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Emily Post Hits the Slopes

Have a great time enjoying your favorite winter sport, but don't forget to bring Emily along with you!


No matter what your winter sport - snowmobiling, downhill skiing, cross country skiing, snowshoeing, or snowboarding, your safety and the safety of others is your first concern.

  • OA_emilypostskiing_WONever go alone, venture off the trail or onto trails that are closed.
  • Always ski or ride in control.
  • Stay on trails and at speeds that match your ability.
  • Wear proper clothing and protective gear.
  • Use safety straps to keep your equipment from injuring others.
  • Do not ski or ride under the influence of alcohol or other substances which impair your judgment, reactions or coordination.
  • Lend assistance whenever necessary.

Downhill Skiing

  • All skiers must adhere to the skier's responsibility code.
  • When entering a trail or starting downhill, yield to other skiers.
  • When skiing downhill or overtaking another skier, you must avoid the skier(s) below you. If you are overtaking a skier on a narrow trail, yell 'on your left (right)' to indicate on which side you are passing.
  • Do not stop where you obstruct a trail or are not visible from above.
  • Ski slowly through novice areas and the lower slopes, especially when heading for lift lines. Novices don't have the skills to move quickly.
  • Be patient, courteous and helpful in lift lines.

Cross Country Skiing

  • Ski in the direction indicated and obey all trail signs. Keep right on two-way trails.
  • Yield to skiers coming downhill. A climbing skier should yield to a descending skier.
  • Keep the trail clear. Move off the trail when you stop for a break or as soon as possible after a fall.
  • An overtaking skier should yell 'Track' or 'on your left (right)'when approaching a slower skier. The slower skier should step off the track to the right, and allow the faster skier to pass.
  • Don't walk or snowshoe on ski tracks. Fill in and level sitzmarks or other depressions so as not to create a hazard for others.
  • Leave your dog at home, unless you are going to a dog friendly facility. Dogs can ruin a good set of tracks. For some dog friendly areas, visit: http://www.xcski.org/ski_snowshoe_info.php?SubPage=8
  • Keep the trail clean. Pack out what you pack in, including orange peels! Don't leave human waste near a trail or watercourse.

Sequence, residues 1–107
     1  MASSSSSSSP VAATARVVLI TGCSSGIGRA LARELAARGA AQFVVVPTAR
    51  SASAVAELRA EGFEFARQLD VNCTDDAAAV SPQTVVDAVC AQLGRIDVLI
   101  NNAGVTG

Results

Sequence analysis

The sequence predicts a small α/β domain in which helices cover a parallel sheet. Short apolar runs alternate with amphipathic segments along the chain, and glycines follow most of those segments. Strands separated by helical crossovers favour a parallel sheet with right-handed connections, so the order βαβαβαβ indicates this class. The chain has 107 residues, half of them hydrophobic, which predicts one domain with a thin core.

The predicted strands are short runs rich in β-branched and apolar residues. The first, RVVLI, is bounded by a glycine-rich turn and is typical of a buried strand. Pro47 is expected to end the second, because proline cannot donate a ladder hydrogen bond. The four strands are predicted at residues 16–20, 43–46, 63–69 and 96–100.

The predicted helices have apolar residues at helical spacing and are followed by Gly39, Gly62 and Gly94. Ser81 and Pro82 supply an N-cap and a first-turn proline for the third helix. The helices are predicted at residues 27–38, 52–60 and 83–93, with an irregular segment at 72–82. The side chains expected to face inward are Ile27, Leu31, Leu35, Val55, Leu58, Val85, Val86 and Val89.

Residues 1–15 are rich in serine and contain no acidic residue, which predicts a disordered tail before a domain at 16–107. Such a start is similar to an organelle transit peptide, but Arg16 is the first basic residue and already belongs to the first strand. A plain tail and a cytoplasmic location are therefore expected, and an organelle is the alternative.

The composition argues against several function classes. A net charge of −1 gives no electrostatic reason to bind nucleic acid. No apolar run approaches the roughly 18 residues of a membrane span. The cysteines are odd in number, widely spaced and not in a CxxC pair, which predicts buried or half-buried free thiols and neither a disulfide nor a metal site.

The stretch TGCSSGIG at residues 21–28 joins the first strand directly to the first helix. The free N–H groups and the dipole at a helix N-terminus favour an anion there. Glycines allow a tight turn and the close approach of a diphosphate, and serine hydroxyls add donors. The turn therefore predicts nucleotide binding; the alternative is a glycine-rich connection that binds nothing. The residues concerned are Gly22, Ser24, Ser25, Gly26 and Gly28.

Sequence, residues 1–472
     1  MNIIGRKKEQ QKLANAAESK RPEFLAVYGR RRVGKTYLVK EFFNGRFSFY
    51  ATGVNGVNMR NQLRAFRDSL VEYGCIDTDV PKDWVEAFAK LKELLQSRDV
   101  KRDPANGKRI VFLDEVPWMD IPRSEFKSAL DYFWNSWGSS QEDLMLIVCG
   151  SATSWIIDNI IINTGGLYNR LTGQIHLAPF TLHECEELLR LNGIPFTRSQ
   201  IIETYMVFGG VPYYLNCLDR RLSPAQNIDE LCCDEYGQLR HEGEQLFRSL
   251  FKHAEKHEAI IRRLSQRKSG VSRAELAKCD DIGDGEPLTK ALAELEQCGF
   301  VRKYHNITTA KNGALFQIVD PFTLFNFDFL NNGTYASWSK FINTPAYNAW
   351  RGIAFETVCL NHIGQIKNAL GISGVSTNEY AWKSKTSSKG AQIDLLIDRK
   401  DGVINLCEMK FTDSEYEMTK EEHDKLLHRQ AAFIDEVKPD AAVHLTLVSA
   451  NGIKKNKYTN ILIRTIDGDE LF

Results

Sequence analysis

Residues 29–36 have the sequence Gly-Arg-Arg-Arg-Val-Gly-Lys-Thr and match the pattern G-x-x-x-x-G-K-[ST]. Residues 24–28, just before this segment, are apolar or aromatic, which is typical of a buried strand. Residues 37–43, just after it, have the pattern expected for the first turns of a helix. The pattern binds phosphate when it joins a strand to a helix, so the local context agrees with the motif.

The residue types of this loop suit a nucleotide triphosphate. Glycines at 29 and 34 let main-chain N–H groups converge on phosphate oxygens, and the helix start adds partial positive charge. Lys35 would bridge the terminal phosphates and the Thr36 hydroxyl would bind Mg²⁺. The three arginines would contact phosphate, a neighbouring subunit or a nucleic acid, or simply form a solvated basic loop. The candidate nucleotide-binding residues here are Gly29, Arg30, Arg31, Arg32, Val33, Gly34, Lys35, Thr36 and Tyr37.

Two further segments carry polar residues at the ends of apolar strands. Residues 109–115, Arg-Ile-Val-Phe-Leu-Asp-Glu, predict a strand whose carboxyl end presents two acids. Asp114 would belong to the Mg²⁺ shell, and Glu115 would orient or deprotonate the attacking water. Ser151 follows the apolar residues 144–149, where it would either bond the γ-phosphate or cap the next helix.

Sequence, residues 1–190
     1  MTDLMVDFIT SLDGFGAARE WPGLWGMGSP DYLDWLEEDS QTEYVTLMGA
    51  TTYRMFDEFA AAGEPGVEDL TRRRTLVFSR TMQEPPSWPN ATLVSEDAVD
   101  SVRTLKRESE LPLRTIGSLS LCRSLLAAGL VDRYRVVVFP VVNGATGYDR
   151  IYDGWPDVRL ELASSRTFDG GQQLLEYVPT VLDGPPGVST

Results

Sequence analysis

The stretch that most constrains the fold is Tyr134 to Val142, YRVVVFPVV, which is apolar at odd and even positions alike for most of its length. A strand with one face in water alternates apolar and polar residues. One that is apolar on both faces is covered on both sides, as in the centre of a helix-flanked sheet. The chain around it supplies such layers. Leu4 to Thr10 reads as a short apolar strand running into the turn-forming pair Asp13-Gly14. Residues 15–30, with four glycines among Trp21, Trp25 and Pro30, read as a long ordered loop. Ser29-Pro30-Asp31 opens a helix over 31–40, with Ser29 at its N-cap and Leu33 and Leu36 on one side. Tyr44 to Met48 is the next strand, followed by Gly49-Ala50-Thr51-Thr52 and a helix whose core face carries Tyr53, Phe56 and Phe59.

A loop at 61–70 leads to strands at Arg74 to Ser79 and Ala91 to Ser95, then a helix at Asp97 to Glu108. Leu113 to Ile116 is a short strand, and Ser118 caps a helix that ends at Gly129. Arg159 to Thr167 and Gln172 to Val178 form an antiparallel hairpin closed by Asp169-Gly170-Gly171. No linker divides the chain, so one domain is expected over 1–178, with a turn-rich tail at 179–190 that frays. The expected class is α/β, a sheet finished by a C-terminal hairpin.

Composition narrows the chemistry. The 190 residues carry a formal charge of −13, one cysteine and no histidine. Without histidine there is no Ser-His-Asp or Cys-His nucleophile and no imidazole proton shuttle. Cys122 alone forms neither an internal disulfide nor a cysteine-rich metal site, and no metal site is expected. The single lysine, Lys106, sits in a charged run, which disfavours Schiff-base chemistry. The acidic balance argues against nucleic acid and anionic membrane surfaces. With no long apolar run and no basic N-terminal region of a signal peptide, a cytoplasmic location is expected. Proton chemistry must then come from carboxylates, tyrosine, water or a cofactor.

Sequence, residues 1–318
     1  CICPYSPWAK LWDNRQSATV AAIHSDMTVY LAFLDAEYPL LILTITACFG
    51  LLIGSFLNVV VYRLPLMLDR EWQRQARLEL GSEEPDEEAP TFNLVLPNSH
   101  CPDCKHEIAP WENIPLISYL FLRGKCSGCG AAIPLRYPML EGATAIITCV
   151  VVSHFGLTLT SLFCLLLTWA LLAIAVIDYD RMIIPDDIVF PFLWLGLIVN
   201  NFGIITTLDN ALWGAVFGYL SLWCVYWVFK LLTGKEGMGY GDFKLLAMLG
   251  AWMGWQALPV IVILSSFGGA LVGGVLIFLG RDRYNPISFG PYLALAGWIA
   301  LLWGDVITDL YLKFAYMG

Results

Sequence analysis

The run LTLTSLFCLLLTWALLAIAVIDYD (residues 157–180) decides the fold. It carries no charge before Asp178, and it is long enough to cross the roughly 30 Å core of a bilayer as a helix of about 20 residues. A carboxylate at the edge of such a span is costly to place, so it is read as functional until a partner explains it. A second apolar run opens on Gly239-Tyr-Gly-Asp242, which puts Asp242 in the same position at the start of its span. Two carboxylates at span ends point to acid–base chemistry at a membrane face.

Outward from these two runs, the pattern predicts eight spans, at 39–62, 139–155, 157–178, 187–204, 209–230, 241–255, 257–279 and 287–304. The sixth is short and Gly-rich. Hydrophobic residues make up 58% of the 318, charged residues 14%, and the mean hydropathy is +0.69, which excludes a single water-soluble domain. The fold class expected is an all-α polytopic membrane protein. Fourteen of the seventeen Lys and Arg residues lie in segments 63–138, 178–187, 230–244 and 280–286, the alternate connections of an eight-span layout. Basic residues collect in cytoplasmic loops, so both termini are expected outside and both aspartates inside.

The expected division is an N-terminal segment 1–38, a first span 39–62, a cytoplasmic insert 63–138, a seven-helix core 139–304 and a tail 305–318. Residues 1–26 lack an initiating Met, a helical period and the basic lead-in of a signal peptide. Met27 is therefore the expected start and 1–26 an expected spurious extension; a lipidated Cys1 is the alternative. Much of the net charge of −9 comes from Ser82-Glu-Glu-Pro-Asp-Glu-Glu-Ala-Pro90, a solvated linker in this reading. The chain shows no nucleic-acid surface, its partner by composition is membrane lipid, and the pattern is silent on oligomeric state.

• Respect private property.
  • Don't ski on snowmobile trail systems, unless it is permitted. Visit http://www.xcski.org for more information.


If you are snowshoeing at a ski area, show courtesy by keeping off groomed ski tracks and giving skiers the right of way. If you are not at a ski area, respect private property and all posted signs, and don't litter.

For more on snowshoeing, visit http://www.greenmountainclub.org/ and find out about their Annual Snowshoe Fest!


Snowmobile trail systems are made possible through the generosity of thousands of private property owners. Since permission is required to ride on private land, most snowmobilers must join a club or association in order to be able to ride on the trail system. In Vermont, the fine for riding unlicensed is $110.

  • Respect private property and remember to say thanks!
  • Don't litter.
  • Obey all trail signs. Stop before crossing any public roadways.
  • Travel at a safe speed.

Snowmobilers and cross country skiers often find themselves at odds. Skiers are looking for a quiet outdoor experience. It can be downright scary to have a loud, 2-stroke vehicle zoom by you at 40-50 mph. If you are snowmobiling in a multi-use area and sharing with cross country skiers and snowshoers, remember to give them a brake. Throttle back and pass at a slow and quiet speed. A friendly wave is always a good idea.

To find snowmobile organizations in the US or Canada, visit http://www.vtvast.org/links.html. Our thanks to VAST, the Vermont Association of Snow Travelers, for information on snowmobile etiquette.


Once known as the enfant terrible of the slopes, snowboarding is the fastest growing, and maturing, winter sport. Many resorts have built snowboard parks so riders have their own place to play. Snowboarders also follow the skier's code of responsibility:

  • When entering a trail or starting downhill, yield to other riders.
  • Downhill riders or skiers have the right of way.
  • Do not stop where you obstruct a trail or are not visible from above.
  • And don't jump if you can't spot your landing point!


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